Beta-batt: A nuclear battery that lasts 20 years

There has been a lot of discussion recently in Treehugger about how new high tech batteries may obviate the need for "the hydrogen economy" as a medium of energy transfer- just go straight electric if the batteries are getting so good and so fast.

Here is yet another new battery that has interesting possibilities and a lot of possible problems: The beta-batt. Its developers combine radioactive tritium with a porous silicon diode- the silicon semiconductor generates electricity by absorbing the electrons generated by beta decay , just like a solar cell generating electricity from incoming photons.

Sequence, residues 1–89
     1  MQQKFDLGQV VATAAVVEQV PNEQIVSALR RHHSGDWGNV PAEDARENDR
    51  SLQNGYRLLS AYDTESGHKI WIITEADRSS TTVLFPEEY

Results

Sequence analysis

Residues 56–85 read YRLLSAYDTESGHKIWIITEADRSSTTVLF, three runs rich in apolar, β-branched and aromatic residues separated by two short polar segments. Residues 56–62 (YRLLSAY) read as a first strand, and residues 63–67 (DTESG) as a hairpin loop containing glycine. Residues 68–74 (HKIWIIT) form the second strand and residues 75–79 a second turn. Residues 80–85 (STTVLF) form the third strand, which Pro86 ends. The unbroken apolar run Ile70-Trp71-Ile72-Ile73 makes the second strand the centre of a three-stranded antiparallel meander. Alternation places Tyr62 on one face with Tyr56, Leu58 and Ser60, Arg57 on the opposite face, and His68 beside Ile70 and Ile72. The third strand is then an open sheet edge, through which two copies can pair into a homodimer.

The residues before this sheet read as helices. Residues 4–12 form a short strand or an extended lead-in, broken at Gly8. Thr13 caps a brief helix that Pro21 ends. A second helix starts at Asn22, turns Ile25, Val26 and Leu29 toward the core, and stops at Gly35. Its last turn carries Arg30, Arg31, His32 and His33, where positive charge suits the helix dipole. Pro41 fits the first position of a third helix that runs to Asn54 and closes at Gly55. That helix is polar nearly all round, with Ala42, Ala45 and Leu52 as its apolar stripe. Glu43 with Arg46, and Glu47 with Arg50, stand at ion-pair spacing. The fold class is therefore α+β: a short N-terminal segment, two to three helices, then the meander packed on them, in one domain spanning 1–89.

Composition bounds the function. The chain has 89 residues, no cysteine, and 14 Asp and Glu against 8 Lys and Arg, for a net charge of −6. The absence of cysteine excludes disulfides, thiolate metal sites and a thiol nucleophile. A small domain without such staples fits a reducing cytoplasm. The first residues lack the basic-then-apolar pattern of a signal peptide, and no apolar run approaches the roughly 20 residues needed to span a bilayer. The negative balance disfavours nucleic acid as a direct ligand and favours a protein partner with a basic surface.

The upside- a D battery that lasts 20 years. Tritium emits only low energy beta particles that cannot penetrate a piece of paper, let alone the battery casing. The downside- it's made in nuclear reactors and someday will have to be disposed of. Betabatt's website says its "Green and Safe- No harmful radiation, leaching, or contamination". Green? that's a bit of a stretch. Safe? Maybe we just have to think of it like we do about the polonium in our smoke detector- The usefulness of the device outweighs our trepidation. ::Betabatt via ::Eurekalert by [LA]

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